Referral system (RS) is one of the sublime systems among health-care systems in the world, which has been proved to be cost-effective in several studies.[4] A study conducted in Saudi Arabia showed that use of RS caused a 40.6% reduction in the number of outpatients, a 19.6% increase in the number of individuals referring to health centers, and a 19.2% increase in the number of referrals.[5] Moreover, some studies have disclosed that if the level of services is organized based on RS, 80–90% of health-care needs can be satisfied at the first level. A study conducted by Morrel reported that out of every 1000 individuals, 750 had a history of a health problem in last 2 weeks. Among these individuals, 500 had tried self-care, 250 had gone to a general practitioner, 9 were referred to a specialist, and 5 were sent to a community hospital for hospitalization. Only one patient was referred to a university-specialized hospital for hospitalization.[6]

RS is organized such a way that patients whose diseases cannot be diagnosed by lower level practitioners are referred to higher levels with eligible employees who are able to provide more specialized services in a broader scope using advanced technologies.[7] On the one hand, different levels of services prevent frequent and unnecessary referrals to specialty levels and waste of human and material resources. Thus, it is an appropriate approach to control the costs and increase alignment between general practitioners and specialists. On the other hand, overlooking the RS can break down the chains of the health-care system, increase the costs, and damage the quantity and quality of services.[8]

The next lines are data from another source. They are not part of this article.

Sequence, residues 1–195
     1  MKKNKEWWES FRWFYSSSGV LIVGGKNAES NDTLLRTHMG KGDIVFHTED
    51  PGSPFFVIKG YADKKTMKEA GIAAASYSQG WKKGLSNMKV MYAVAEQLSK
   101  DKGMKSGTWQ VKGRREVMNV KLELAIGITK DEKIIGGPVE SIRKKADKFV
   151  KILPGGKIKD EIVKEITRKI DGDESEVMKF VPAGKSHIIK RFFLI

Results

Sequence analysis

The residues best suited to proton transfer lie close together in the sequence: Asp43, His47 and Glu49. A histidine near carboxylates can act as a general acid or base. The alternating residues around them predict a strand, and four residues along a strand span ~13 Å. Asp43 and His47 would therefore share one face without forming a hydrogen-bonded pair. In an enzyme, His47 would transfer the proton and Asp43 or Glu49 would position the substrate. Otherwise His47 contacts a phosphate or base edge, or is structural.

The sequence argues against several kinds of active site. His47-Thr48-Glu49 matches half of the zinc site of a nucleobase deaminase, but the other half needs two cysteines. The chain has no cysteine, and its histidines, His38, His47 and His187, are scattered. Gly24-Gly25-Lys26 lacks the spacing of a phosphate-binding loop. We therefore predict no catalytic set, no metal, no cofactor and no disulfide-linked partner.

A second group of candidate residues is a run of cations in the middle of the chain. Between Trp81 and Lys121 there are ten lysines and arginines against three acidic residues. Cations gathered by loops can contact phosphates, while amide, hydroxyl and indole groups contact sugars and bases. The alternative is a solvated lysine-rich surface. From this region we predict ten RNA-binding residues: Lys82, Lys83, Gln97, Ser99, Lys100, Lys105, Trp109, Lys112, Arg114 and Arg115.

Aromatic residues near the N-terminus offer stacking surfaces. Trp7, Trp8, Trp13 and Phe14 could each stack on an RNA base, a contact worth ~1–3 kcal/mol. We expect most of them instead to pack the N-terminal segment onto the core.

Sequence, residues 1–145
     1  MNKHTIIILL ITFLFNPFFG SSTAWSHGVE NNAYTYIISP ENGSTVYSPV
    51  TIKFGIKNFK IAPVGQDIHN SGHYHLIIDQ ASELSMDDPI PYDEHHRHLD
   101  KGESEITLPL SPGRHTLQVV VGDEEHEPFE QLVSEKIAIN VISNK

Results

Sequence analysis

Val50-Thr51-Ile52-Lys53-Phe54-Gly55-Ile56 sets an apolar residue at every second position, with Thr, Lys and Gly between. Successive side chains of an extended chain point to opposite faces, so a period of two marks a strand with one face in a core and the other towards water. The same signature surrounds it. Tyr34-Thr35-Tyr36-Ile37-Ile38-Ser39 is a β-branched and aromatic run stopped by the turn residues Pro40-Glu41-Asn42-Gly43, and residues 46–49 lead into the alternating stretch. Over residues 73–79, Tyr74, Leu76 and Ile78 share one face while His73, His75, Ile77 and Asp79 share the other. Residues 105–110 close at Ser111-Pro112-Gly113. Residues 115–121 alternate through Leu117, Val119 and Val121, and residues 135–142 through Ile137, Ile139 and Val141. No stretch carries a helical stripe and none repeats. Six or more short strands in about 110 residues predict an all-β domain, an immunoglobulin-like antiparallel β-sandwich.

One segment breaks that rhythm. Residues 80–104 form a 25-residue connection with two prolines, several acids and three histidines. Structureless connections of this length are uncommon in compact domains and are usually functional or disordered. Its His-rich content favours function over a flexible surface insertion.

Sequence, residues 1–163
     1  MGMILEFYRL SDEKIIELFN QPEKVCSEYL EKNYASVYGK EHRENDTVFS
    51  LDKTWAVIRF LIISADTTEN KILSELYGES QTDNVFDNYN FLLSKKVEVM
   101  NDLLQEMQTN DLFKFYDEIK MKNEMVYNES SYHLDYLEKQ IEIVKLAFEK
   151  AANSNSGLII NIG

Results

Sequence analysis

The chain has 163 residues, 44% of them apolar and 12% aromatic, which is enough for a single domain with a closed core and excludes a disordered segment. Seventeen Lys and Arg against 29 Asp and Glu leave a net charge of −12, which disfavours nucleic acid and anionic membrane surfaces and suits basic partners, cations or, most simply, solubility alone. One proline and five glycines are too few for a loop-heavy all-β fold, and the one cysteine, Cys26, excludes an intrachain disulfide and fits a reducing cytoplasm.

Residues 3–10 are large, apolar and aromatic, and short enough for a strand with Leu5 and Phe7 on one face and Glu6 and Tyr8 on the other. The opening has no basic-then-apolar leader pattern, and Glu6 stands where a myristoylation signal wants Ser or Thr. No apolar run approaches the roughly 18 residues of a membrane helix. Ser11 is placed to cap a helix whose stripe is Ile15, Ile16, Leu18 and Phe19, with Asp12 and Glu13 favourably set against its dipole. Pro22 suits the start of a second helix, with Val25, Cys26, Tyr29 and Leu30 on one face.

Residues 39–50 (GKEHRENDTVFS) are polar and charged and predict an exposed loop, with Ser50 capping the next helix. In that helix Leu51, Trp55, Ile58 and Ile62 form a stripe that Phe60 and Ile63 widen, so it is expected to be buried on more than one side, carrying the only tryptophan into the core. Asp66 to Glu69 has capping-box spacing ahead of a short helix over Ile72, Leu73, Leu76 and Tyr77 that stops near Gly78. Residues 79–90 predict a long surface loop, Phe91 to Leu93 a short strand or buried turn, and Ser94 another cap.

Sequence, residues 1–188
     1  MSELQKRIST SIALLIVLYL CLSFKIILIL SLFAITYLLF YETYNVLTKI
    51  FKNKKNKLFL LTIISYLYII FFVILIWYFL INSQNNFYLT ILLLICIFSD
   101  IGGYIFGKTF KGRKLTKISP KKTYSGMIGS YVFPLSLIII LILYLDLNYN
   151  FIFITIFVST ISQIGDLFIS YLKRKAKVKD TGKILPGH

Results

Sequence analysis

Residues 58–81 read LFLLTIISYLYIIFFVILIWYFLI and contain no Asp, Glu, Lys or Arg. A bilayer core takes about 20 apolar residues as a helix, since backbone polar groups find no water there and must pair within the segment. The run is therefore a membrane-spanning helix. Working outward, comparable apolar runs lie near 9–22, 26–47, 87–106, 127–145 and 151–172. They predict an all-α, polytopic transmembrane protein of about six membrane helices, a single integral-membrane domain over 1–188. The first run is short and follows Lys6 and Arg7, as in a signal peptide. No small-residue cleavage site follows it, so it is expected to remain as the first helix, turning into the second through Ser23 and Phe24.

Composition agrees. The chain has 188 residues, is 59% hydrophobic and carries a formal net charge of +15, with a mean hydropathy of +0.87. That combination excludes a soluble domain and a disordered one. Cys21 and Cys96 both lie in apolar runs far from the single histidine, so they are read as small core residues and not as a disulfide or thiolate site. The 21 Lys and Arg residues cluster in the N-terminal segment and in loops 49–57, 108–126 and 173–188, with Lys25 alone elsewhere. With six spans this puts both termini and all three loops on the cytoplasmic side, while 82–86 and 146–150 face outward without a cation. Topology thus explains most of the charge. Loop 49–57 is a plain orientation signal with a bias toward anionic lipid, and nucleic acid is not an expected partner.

Health system reforms in various countries, including Iran, are always inevitable to encounter new and changing needs and expectations in the area of health.[9] In our country, design and application of family physician (FP) and RS were considered as the foundation for the process of reforming the health system with the aim of maximizing health status, increasing health-care coverage, reducing unnecessary costs, reforming payment systems, and increasing accountability in the health market.[1],[2],[8] In the FP program, medical activities are health oriented and the general objective of the project is protecting and promoting public health and providing health services in defined limits to individuals and families.[8],[10] Perhaps the simplest form of evaluating the FP program is measurement of service recipients' satisfaction that should be considered in planning, implementation, and evaluation of rural programs as the most pivotal indicator of success of rural medical services and insurance.[11]

FP program is a comprehensive health and treatment system whose most important outcomes include elimination of individuals' confusion when referring to the doctor and increase in their satisfaction with health services. It also minimizes the waste of resources and is thus economically viable.

It seems that in order to respond to individuals' health needs and to cope with the steep rise in health-care costs and prevent its adverse effects on people's health, the government has no choice but to continue implementation of the rural FP program and pilot it at the urban level.